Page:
A lot of research has focused on ways of raising nitric oxide (NO) which is required for erection. This is how Viagra works. Raising NO naturally can make a big difference. The other absolute essential is to correct testosterone deficiency. Correcting testosterone deficiency also helps boost NO. I interviewed Dr Malcolm Carruthers for the ‘Testosterone Revolution’ special report to bring to public attention how common decreasing testosterone levels are with increasing age.
As with most hormones you can’t just measure levels in the blood and leave it at that. A lot of circulating testosterone becomes bound to something called Sex Hormone Binding Globulin (SHBG) and unable to function as such. So you have to know the level of this to work out how much actual testosterone is available. Saliva levels reflect available testosterone but are not always that reliable. Also, much like the way we become insulin resistant, you can become testosterone resistant and show apparently ‘normal’ levels of testosterone but it isn’t working. In much the way that recently diagnosed diabetics usually have normal, or raised insulin levels, but the insulin isn’t doing its job.
Hormones also compete for absorption and, with increasing weight comes increasing oestrogen production, which competes with testosterone at hormone receptor sites. Testosterone itself can be turned into oestrogens when a person’s body chemistry isn’t in balance. Methylation, determined by your homocysteine level, is also vital for hormonal balance and eliminating excess oestrogens. Having a raised homocysteine level is strongly associated with inhibiting nitric oxide. 
I strongly recommend getting evaluated for your testosterone level but don't just rely on a standard blood test – instead complete the questionnaire at www.centreformenshealth.co.uk and read my Special Report ‘Testosterone Revolution’. Natural testosterone therapy, which is delivered as a skin cream, can be incredibly effective. The Centre for Men’s Health, which has clinics in London, Manchester and Edinburgh, has medical experts who can help you get the dose right. (By the way, if you are prescribed natural testosterone cream elsewhere it is at least ten times more effective applied to the scrotal area.)
Decreasing muscle mass, due to a lack of exercise, and increasing fat, plus excessive alcohol consumption, is a recipe for testosterone deficiency. Other factors, such as prolonged stress and burnout, are also contributors.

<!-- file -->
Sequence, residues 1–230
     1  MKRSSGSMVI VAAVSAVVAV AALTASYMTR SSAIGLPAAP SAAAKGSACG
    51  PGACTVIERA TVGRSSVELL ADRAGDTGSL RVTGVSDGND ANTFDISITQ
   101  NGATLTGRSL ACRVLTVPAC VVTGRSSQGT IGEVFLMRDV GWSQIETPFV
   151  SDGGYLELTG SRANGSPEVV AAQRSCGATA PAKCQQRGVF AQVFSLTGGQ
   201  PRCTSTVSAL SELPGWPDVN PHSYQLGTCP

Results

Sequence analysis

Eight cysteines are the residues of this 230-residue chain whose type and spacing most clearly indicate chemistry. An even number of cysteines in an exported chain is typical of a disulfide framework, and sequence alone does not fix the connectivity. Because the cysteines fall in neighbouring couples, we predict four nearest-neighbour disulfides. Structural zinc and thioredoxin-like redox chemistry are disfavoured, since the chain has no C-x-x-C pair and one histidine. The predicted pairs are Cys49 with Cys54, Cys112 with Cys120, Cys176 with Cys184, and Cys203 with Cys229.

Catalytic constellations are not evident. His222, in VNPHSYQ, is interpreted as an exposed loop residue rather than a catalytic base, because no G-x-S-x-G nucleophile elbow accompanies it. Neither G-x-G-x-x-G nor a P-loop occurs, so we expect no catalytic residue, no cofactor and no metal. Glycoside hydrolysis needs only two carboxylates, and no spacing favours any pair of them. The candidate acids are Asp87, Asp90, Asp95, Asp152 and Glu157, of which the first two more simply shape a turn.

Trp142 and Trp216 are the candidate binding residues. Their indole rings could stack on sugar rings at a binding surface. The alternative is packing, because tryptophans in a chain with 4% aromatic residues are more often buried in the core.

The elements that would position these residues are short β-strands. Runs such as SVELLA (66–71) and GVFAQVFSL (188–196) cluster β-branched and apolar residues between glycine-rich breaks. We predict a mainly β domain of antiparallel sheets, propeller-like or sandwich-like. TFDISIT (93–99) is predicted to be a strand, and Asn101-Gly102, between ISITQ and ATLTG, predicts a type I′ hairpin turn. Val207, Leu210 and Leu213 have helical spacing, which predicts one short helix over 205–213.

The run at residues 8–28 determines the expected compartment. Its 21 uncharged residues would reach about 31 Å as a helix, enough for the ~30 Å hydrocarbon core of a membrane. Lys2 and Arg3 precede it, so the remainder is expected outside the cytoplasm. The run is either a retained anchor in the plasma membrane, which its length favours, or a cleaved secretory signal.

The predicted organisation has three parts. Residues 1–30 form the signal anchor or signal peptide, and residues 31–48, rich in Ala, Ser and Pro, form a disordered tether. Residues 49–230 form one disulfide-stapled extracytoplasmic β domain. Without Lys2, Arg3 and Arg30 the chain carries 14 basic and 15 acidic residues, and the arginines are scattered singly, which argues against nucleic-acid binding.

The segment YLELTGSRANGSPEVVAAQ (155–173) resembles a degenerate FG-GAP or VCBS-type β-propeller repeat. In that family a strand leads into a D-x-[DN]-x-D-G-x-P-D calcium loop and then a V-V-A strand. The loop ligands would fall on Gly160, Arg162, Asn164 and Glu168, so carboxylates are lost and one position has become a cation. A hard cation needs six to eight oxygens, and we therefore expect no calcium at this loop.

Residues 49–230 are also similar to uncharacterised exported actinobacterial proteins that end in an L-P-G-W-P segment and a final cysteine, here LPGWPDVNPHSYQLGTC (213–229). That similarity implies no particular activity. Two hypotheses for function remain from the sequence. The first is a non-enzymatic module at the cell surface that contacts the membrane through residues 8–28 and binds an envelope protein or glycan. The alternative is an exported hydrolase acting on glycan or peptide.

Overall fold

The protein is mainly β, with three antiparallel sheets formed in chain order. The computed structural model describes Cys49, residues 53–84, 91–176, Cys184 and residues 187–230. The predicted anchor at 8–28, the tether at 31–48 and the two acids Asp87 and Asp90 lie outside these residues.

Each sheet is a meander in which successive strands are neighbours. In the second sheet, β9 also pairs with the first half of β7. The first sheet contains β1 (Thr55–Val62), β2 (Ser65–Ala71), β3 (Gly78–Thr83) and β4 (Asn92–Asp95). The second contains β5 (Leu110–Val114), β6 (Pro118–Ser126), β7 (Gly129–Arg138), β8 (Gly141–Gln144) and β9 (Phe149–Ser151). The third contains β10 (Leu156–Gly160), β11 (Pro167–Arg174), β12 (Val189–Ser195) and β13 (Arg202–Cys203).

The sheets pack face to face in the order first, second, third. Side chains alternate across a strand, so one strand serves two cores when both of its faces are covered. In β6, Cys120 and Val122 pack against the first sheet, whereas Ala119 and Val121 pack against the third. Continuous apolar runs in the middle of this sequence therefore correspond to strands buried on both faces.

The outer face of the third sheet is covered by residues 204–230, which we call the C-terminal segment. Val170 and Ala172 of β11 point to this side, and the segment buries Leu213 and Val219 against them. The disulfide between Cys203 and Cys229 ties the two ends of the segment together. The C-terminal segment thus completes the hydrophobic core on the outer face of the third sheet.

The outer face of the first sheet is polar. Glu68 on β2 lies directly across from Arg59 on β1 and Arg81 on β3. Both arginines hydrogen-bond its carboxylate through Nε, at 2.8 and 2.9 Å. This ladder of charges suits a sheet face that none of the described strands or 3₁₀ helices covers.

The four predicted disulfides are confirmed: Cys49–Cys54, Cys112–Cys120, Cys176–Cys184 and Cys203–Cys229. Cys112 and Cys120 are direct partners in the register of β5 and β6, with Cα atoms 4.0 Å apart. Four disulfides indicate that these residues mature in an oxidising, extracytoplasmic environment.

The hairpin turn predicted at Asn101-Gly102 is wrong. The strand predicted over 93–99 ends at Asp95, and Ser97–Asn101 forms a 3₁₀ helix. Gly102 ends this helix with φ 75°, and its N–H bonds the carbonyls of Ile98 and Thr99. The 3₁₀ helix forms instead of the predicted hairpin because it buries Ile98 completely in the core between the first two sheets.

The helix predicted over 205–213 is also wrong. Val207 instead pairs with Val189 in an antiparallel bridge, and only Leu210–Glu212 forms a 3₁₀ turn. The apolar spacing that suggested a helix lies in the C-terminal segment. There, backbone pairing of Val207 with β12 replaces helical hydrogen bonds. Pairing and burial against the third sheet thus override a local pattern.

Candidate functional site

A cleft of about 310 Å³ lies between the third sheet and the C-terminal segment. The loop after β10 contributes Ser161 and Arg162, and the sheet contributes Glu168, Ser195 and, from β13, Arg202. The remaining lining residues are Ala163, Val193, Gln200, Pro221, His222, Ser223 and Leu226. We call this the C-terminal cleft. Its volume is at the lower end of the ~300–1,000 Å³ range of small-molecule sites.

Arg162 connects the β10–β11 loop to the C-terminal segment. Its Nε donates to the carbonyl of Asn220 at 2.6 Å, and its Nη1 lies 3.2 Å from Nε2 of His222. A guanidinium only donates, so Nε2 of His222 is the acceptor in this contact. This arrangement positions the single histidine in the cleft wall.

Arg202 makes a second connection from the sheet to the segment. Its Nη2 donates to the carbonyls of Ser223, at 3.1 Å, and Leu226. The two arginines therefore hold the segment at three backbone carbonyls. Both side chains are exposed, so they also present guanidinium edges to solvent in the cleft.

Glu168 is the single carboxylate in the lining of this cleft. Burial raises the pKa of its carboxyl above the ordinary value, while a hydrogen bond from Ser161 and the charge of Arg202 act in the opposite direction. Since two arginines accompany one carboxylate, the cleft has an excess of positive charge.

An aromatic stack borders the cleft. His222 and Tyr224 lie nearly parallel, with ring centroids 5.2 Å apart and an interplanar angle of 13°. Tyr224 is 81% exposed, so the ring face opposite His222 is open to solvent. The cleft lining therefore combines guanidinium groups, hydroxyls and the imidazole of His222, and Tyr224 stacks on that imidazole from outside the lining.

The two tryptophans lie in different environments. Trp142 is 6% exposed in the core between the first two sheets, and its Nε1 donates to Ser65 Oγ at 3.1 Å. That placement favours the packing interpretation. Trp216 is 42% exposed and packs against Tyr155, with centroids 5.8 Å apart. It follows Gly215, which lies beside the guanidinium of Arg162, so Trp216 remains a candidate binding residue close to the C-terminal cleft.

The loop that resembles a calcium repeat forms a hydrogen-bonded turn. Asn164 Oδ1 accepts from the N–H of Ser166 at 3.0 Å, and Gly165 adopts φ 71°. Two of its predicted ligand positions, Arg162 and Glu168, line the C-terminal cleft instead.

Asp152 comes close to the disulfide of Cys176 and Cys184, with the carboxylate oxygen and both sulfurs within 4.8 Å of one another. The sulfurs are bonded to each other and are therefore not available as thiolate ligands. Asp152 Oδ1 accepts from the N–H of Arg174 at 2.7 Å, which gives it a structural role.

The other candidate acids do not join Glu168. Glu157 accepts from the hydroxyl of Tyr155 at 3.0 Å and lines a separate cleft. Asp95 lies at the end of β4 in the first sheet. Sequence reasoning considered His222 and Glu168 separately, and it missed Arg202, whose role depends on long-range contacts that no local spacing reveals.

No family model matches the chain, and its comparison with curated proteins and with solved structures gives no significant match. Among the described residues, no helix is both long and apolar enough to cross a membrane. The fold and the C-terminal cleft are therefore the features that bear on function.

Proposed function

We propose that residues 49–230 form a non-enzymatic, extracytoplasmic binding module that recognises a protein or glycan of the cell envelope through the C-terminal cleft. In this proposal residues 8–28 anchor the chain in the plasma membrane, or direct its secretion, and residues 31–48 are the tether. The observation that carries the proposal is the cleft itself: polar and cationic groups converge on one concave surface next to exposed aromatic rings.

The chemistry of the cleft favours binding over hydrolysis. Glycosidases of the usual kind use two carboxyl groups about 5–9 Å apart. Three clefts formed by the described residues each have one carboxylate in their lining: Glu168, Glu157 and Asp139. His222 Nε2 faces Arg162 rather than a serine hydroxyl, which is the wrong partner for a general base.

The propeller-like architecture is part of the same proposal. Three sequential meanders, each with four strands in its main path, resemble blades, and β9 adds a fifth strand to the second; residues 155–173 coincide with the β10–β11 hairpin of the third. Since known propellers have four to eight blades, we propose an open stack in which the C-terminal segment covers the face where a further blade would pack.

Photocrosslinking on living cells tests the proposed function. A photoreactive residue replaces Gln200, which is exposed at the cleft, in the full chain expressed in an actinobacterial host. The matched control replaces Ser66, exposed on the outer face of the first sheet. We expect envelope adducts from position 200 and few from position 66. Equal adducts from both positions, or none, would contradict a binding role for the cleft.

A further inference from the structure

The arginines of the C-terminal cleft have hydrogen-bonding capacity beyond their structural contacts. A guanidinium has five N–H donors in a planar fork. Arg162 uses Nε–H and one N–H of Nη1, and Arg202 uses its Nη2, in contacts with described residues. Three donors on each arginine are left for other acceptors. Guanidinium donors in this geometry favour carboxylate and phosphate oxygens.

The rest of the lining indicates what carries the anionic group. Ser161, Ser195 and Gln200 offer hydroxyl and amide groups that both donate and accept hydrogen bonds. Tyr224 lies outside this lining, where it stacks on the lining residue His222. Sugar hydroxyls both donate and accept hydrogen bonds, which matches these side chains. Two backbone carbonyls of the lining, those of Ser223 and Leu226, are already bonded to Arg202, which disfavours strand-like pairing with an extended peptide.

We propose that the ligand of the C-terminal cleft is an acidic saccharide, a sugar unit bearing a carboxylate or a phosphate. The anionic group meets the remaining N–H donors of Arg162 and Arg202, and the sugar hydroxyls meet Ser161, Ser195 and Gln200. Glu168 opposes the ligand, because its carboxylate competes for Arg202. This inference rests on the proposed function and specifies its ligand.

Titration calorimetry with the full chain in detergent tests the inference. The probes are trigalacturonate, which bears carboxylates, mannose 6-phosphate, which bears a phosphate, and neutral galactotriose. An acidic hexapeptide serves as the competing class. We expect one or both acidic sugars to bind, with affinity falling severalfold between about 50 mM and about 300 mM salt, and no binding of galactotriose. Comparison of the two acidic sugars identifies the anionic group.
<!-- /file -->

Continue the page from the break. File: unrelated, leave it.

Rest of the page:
In terms of general health advice it is vital to get one’s weight and blood sugar under control and following my low GL diet is the best way to do that.
Also, increase your protein intake. A low protein, low cholesterol, vegan diet is a killer for testosterone as it raises SHGB. Testosterone is made from cholesterol. Eggs are perhaps the best source. I would recommend 2 eggs a day, although some say more. Red meat and fish are also good. Have two servings a day, plus high protein nuts and seeds such as almonds and chia. Some say Brazil nuts are particularly effective.
Testosterone’s direct precursor is the adrenal hormone DHEA which is often measured in hormone tests. Supplementing DHEA may raise testosterone , but there are mixed results in studies, and some concern about the long-term effects of supplementing DHEA. I would not recommend more than 50mg for more than 3 months, but it is worth a try if your level is low. There’s some interesting research giving HCG (growth hormone) to stimulate testosterone production, but I wouldn’t do this unless you are under medical supervision and diagnosed with very low testosterone and being monitored. The balance of these hormones, and hence the dosage, is vital. As far as hormones are concerned you can have too much of a good thing.
Exercise focusing on muscle building is vital. We lose half a pound of muscle mass a year from age 40. See my Special Report ‘How to Build Muscle in 15 Minutes a Week’. The exercise programme in Burn Fat Fast, devised by gladiator Kate Staples, is also a great way to build up your muscle mass and burn fat.
Also get your homocysteine level measured. If it is high then you are going to need to lower it with therapeutic levels of B6, B12 and folic acid, plus zinc and NAC. There are supplement formulas designed to do just this.